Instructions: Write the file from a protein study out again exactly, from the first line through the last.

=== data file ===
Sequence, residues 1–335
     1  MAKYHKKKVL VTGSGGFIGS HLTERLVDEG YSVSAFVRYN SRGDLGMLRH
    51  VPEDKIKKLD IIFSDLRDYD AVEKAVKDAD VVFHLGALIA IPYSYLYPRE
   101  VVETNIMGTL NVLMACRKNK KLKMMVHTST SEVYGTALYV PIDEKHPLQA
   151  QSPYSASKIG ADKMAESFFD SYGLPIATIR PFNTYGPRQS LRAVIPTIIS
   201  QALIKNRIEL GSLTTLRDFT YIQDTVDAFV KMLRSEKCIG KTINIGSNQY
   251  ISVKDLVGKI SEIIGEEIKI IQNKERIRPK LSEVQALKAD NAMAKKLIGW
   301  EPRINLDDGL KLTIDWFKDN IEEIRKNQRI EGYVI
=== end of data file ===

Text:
Sequence, residues 1–335
     1  MAKYHKKKVL VTGSGGFIGS HLTERLVDEG YSVSAFVRYN SRGDLGMLRH
    51  VPEDKIKKLD IIFSDLRDYD AVEKAVKDAD VVFHLGALIA IPYSYLYPRE
   101  VVETNIMGTL NVLMACRKNK KLKMMVHTST SEVYGTALYV PIDEKHPLQA
   151  QSPYSASKIG ADKMAESFFD SYGLPIATIR PFNTYGPRQS LRAVIPTIIS
   201  QALIKNRIEL GSLTTLRDFT YIQDTVDAFV KMLRSEKCIG KTINIGSNQY
   251  ISVKDLVGKI SEIIGEEIKI IQNKERIRPK LSEVQALKAD NAMAKKLIGW
   301  EPRINLDDGL KLTIDWFKDN IEEIRKNQRI EGYVI